Using Education to Protect Our Species
Protecting Local and Global Biodiversity
When you hear “biodiversity,” you might think of vast rainforests or vibrant coral reefs. But you can also find amazing species anywhere, including right outside your home. From dense urban cities to the rural countryside, plants, animals, fungi and microorganisms all play a vital role in keeping our ecosystems in balance.
Human development has reduced habitats. Meanwhile, climate change threatens the stability of ecosystems around the world. Letting students explore and connect with nature around them helps establish a care ethic that allows them to make positive decisions for the environment as they grow up.
In the end we will conserve only what we love, we will love only what we understand,
and we will understand only what we are taught.
Education about global biodiversity is just the first step to developing stewardship values in students. We must also provide opportunities for students to connect with nature and understand the connectivity of organisms and earth’s cycles. Students need to understand how human behavior affects natural systems and harms our Earth’s species. Most importantly, students need to know what they can do to change that. Embedding these elements in lessons about species and biology can help students understand the scale of the issues and feel empowered to address them.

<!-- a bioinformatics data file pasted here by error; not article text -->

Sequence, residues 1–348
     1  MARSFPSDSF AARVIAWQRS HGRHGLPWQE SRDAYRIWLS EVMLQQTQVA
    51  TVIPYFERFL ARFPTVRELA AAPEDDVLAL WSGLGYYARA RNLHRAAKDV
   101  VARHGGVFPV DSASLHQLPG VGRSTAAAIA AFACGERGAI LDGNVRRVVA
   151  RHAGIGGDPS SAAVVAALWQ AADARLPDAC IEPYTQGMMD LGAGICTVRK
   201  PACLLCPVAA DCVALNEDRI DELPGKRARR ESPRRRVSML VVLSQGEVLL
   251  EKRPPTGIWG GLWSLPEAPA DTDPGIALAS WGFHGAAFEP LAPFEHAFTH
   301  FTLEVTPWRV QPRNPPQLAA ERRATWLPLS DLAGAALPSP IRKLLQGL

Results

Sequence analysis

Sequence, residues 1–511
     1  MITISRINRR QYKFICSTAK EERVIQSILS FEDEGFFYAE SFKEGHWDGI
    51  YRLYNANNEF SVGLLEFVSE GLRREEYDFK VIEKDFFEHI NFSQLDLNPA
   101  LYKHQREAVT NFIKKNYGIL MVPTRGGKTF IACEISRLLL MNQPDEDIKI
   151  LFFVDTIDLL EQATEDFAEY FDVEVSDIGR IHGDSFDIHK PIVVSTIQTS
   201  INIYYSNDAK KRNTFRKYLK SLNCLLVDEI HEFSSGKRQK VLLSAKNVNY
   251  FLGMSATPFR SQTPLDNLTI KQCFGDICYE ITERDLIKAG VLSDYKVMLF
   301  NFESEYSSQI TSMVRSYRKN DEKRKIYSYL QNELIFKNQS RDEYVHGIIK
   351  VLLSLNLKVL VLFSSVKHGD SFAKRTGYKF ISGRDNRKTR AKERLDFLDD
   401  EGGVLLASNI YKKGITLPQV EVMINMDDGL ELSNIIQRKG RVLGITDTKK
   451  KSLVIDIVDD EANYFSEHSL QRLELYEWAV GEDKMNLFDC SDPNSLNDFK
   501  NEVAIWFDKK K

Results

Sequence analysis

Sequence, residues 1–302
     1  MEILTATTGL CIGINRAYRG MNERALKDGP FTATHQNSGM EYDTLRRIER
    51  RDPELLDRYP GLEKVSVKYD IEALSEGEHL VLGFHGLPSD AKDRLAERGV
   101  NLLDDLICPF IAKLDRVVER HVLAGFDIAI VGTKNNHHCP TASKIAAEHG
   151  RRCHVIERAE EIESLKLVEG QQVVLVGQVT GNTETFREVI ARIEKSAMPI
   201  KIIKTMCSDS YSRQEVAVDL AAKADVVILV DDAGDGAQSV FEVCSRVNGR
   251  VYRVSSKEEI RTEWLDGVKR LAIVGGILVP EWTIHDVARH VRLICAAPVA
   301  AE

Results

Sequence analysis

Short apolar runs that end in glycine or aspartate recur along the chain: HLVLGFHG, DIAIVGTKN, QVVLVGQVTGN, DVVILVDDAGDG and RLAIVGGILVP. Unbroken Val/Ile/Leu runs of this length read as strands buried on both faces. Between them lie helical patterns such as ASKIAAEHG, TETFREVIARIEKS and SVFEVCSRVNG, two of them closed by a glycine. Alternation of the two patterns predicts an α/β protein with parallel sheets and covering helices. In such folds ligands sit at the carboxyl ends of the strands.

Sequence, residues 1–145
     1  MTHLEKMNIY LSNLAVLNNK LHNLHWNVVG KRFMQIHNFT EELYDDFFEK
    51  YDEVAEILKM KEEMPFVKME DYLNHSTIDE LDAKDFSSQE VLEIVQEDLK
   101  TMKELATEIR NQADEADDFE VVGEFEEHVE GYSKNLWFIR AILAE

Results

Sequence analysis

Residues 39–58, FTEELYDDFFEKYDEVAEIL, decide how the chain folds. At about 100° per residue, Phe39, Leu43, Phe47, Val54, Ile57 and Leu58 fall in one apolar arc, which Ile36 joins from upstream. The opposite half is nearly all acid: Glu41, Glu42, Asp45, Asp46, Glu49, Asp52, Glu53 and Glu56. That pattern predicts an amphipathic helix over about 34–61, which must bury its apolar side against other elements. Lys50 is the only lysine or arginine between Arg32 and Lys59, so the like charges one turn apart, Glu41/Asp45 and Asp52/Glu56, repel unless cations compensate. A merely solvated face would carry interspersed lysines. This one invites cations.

While people tend to associate biodiversity with science, you can also discuss biodiversity in interdisciplinary contexts. For example, the history of indigenous culture’s relationship with species, the political process of species protection policies, and the role of species in art are all great ways to teach students about the importance of biodiversity and civic action.
Below are some ways you can incorporate biodiversity protection into your Earth Day and classroom plans:
- Plant a pollinator/wildlife garden at your school.
- Designate no-mow zones to allow native plants to thrive.
- Host a Teach-In on species vulnerable in your area.
- Adopt a species (maybe your school mascot needs protection!).
- Write letters to representatives to advocate for species-friendly city/state policies.
- Install bird feeders and bat houses for your local pollinators and collect data about what you see.
- Participate in the Great Global Cleanup.
- Host a tree planting event (ask your local stores for saplings and supply donations!).
- Conduct an invasive species learning unit and removal project.
Explore our toolkits to help you carry out biodiversity lesson plans, host a teach-in and understand how you and your students can Protect Our Species!
- Protect Our Species Primer and Action Toolkit
- Climate Education Week Toolkit
- Toolkit for Students
- Earth Day 2019 Teach-in Toolkit
- Fact Sheet about Species Loss
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